Dec
04
2016

Miller named 2017 recipient of AIME-SME Mineral Industry Education Award

Hugh Miller, an associate prrofessor in the Department of Mining Engineering, has been selected as the 2017 recipient of the AIME-SME Mineral Industry Education Award by the Society for Mining, Metallurgy and Exploration. The award recognizes distinguished contributions to the advancement of mineral industry education, and will be presented at the SME 2017 Annual Conference & Expo in Denver, Colorado on February 22, 2017. Miller received both his undergraduate and graduate degrees from Colorado School of Mines, going on to work in the industry for 13 years. Prior to joining the Mines faculty in 2005, Miller spent 6 years teaching at the University of Arizona, having held several leadership roles. He was elected as an SME Distinguished Member in 2012, and currently teaches and conducts research in areas related to project feasibility/valuation, mine design and operations, occupational safety & health, waterjet technology, and excavation engineering.   Contact: Agata Bogucka, Communications Manager, College of Earth Resource Sciences & Engineering | 303-384-2657 | abogucka@mines.edu Announcement
Nov
04
2016

Snieder named SEG Outstanding Educator for 2016

Interim Department Head for the Department of Geophysics Roel Snieder has been named 2016 Outstanding Educator by the Society of Exploration Geophysicists. The Outstanding Educator Award honors individuals for excellence in geophysics education and is awarded to a person who merits such recognition based on educational qualities and contributions that may include: outstanding contributions in teaching of geophysics classes at any educational level; impact on education programs by commitment to excellence in geophysics education; special dedication to advising, supervising and mentoring students; providing extraordinary inspiration to the next generation of geophysics professionals.   Snieder was presented with the award on Oct. 18 during the 2016 SEG Annual Meeting in Dallas, TX. SEG President John Bradford presents Roel Snieder with the Outstanding Educator Award at the 2016 annual meeting. From the SEG website: Snieder is the W. M. Keck Distinguished Professor of Basic Exploration Science at Colorado School of Mines. Snieder has been committed over the past decade to using his talents to educate students and the public. He lectures to not only students in universities but also to representatives of local companies, international industry, public clubs, societies, schools, and other public forums on issues concerning the art of science, future energy portfolios, and how the public can interact and engage to solve some of the world’s most pressing problems.   Read more about Snieder here.   The SEG is the international society of applied geophysics and a not-for-profit organization which aims to promote the science of geophysics as well as the education of applied geophysicists.     Contact: Agata Bogucka, Communications Manager, College of Earth Resource Sciences and Engineering | 303-384-2657 | abogucka@mines.edu   Announcement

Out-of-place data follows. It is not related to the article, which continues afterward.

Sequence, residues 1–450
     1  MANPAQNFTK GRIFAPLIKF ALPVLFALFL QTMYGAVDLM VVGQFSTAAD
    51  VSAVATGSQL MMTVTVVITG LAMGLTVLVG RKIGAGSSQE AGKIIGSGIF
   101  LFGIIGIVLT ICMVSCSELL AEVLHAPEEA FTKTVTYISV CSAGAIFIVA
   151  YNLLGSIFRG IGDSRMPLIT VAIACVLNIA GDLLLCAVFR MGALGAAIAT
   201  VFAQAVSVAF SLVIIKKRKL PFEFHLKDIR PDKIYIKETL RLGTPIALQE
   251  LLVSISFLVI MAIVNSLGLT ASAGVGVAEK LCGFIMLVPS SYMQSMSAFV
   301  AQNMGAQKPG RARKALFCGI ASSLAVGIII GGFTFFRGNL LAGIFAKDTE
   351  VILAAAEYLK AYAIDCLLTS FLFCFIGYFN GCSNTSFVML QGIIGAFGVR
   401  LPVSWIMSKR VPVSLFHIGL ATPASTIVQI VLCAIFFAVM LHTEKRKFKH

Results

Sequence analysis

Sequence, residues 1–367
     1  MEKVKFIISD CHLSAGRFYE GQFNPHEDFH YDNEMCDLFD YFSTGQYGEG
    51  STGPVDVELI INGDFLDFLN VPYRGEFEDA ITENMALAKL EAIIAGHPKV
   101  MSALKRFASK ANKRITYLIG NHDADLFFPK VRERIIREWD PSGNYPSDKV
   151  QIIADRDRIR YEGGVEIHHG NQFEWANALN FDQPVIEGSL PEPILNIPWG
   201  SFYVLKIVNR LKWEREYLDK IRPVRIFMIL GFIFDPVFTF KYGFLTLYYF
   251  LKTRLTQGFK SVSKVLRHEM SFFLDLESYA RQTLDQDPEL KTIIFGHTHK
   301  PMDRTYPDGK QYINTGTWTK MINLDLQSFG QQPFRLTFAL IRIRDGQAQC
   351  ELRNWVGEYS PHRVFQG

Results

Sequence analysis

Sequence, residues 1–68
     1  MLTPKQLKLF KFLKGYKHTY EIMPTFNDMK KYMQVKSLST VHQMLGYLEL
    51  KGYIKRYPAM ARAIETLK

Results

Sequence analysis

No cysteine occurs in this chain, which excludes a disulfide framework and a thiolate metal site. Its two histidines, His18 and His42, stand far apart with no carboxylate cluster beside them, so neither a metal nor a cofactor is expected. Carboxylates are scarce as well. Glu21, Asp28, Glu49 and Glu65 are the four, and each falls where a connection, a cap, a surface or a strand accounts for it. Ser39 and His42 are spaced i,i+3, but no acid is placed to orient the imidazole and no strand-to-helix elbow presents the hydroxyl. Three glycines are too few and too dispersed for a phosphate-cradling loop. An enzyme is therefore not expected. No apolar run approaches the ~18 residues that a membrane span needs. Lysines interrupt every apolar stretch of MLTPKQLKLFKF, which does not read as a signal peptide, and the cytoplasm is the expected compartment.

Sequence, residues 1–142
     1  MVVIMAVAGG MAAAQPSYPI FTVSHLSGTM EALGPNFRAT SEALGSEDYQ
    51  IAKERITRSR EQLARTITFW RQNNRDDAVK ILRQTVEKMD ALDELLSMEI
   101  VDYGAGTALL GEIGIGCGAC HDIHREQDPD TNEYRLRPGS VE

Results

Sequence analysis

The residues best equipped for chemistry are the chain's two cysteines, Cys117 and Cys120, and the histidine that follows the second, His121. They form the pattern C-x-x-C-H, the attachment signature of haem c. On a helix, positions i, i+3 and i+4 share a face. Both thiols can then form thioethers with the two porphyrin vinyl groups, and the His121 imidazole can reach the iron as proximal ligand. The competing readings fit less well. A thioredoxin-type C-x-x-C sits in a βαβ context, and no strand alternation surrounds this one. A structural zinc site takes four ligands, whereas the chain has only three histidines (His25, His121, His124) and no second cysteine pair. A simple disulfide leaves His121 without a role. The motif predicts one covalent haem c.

Oct
20
2016

ME faculty win NSF grant for acquisition of E-XPS

Mechanical Engineering Assistant Professor Steven DeCaluwe has been awarded a Major Research Instrumentation grant from the National Science Foundation for acquisition of an Environmental X-ray Photoelectron Spectroscopy instrument to establish a unique regional facility for exploring behavior of material surfaces in operating and/or reactive environments. The instrument will also be used for training in advanced measurements. This device will enable unparalleled insights at Mines and collaborating institutions across the Rocky Mountain region in a diverse array of material-dependent technologies and scientific fields, including energy storage and conversion, catalyst development, geological interfaces, thin-films, and chemical separation.   Announcement
Oct
07
2016

PhD candidate wins Best Student Paper at International Pipeline Conference

Taylor Jacobs, a PhD candidate in metallurgical and materials engineering, won the award for Best Student Paper at the International Pipeline Conference, held Sept. 26 to 30 in Calgary, Canada. Jacobs, a student in the Advanced Steel Processing and Products Research Center, came in second for Best Student Poster Presentation and was nominated for Best Paper for the entire conference. More than 300 papers were presented at the conference. Both his paper and presentation were titled "The Short and Long Term Effects of Elevated Temperature on the Mechanical Properties of Line Pipe Steels." The International Pipeline Conference is organized by volunteers representing international energy corporations, energy and pipeline associations and regulatory agencies. Announcement